Catalan filmmaker Cesc Gay seems to have cornered the market for Spanish dramedies that can reach both national and international markets. With a wry and discerning eye on the professional and artistic classes in his native country, he assembles a...

Review: LITTLE HARBOUR Docks Coming-of-Age Adventure and Psychological Portrait

Iveta Grófová´s sophomore feature Little Harbour offers coming-of-age adventure for children and psychological drama for their parents

Review: THE DEATH OF LOUIS XIV, Grisly Business, Even for the King of France

Death is a grisly business. It comes to all of us. Even if you happen to be the King of France, who's been reigning for 72 years. All the documented evidence indicates Louis XIV died of gangrene on his leg...

Boston Underground 2017 Review: HIDDEN RESERVES, Dystopian Noir of Money and Death

Insurance is one of the great oddities of the current economy. Pay money every month *in case* something happens. House and medical insurance might be there for you (provided your insurance company doesn't find a loophole to get out of...

Review: I, OLGA HEPNAROVA, A Study in the Absence of Empathy

At one point over the course of this haunting and difficult film, the lead character is reading the Graham Greene novel, The Quiet American. She highlights a passage from the novel that is the lynchpin to understanding the unanswerable questions left...

Review: METAMORPHOSES, Christophe Honoré's Dirtiest, Edgiest, Most Beautiful Film to Date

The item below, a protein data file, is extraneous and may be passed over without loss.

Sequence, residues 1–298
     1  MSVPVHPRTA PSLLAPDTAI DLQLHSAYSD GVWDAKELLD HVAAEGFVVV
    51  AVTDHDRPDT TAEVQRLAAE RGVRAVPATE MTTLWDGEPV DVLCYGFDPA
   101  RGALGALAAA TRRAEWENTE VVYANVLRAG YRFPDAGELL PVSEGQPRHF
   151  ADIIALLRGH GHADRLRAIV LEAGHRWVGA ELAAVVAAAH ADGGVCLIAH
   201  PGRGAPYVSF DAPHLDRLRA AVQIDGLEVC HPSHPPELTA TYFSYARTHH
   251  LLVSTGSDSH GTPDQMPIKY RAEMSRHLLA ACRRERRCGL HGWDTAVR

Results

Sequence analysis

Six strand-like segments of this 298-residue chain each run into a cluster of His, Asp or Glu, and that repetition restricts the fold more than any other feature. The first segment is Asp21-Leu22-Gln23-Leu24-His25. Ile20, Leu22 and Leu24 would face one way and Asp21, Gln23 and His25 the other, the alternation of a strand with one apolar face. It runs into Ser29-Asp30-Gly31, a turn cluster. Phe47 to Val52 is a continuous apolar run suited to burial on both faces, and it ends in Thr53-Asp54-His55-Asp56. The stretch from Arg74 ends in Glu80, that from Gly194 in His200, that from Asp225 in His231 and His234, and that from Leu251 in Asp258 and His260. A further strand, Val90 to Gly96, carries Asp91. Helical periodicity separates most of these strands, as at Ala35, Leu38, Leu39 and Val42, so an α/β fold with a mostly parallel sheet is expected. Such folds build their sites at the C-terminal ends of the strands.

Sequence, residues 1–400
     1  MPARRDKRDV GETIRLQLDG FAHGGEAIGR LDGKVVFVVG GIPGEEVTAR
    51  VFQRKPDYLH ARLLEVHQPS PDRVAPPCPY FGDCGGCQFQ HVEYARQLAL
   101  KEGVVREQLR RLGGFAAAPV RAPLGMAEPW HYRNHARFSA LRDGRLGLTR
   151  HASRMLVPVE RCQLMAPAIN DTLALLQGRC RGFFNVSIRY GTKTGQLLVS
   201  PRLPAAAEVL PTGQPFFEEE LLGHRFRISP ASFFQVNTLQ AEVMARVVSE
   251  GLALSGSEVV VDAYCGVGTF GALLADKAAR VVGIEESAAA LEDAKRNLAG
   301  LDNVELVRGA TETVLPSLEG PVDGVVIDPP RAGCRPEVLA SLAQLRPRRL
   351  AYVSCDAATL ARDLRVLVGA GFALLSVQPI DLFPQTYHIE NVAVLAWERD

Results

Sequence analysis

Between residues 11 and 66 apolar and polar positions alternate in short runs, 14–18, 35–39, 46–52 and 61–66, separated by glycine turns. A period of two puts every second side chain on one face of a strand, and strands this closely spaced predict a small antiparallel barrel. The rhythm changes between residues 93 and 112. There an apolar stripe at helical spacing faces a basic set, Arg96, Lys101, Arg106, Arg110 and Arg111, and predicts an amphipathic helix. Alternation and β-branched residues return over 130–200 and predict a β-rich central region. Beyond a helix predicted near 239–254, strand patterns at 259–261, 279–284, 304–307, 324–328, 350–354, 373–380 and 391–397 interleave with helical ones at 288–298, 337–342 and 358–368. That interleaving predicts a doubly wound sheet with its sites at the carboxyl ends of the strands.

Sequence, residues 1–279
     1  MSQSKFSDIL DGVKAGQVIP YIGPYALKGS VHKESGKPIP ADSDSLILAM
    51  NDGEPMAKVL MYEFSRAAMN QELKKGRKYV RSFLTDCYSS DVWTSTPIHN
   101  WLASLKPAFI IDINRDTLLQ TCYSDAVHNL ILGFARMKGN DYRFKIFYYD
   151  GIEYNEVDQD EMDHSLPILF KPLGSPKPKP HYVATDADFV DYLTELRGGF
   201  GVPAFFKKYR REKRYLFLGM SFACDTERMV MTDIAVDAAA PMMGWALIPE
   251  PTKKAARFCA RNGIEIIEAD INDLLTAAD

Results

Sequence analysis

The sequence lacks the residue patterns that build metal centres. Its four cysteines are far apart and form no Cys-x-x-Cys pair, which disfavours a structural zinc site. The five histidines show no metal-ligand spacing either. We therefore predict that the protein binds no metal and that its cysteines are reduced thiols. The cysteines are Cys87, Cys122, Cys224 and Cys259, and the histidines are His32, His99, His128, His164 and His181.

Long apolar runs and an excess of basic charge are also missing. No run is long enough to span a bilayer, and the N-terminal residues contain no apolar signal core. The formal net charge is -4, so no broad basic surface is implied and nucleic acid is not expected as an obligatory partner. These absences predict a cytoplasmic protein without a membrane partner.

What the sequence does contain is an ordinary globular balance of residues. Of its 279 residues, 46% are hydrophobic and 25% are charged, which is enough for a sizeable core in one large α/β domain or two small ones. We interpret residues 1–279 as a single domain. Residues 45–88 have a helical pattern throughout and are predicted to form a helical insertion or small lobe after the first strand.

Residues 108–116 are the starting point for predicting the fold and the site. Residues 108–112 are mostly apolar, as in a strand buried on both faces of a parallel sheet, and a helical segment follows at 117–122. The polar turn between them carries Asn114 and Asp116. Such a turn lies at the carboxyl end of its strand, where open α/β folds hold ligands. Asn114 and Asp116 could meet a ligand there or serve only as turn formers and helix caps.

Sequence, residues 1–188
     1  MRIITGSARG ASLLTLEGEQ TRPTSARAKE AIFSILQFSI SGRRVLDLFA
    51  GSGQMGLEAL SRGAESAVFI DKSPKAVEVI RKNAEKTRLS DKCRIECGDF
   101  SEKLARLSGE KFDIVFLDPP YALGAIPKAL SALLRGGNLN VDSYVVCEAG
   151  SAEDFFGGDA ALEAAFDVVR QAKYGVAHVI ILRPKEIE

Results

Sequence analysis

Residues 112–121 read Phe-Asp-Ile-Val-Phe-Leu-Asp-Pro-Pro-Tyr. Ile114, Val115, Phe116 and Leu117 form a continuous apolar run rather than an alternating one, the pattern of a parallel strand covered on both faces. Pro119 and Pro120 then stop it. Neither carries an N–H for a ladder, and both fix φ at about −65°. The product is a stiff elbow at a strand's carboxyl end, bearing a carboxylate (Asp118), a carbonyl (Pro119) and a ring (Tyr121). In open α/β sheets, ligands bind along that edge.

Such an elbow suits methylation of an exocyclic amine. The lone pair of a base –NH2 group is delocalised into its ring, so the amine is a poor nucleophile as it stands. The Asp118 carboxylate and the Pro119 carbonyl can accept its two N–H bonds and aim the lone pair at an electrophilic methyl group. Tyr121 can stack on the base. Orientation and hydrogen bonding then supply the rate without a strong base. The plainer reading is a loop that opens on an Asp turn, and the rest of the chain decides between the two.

Metamorphoses works as a dreamy poetry. It's an ode to youth and an abashed celebration of amorphous nature of human sexuality.

Review: François Ozon's FRANTZ, Sumptuous, Subversive, Touching and Relevant

The year is 1918. The Great War has just ended and Germany and France were licking their wounds, hopped up on their respective nationalistic fervor. Anna (Paula Beer), a young German woman who lost her 23-year old fiancé, Frantz in...

Review: BRIMSTONE, One of the Most Brutal Westerns in Recent Memory

In Brimstone, a Western that’s the English-language debut of Dutch director Martin Koolhoven, young actress Dakota Fanning amazes with her best performance yet, giving life to a character that since the first chapter (the film is divided in four) is...

Review: PERSONAL SHOPPER, Kristen Stewart, Restless Spirits and Luxury Goods

French critic-turned-filmmaker Olivier Assayas has always had a knack for combining verité, day-to-day life with stylish genre elements. His previous film, The Clouds of Sils Maria, coaxed a assured performance out of Kristen Stewart as a confident personal assistant to a...

Review: RAW, Coming of Age With Visceral Power

It's hard to maintain one's identity when university begins; or perhaps more to the point, find your identity under enormous pressure to do well in school, adapt to life without constant parental supervision, not to mentions the pressures of the...

Fantasporto 2017 Review: THE FOREST OF LOST SOULS

José Pedro Lopes' slasher flick presents a contemporary psycho killer against an art house backdrop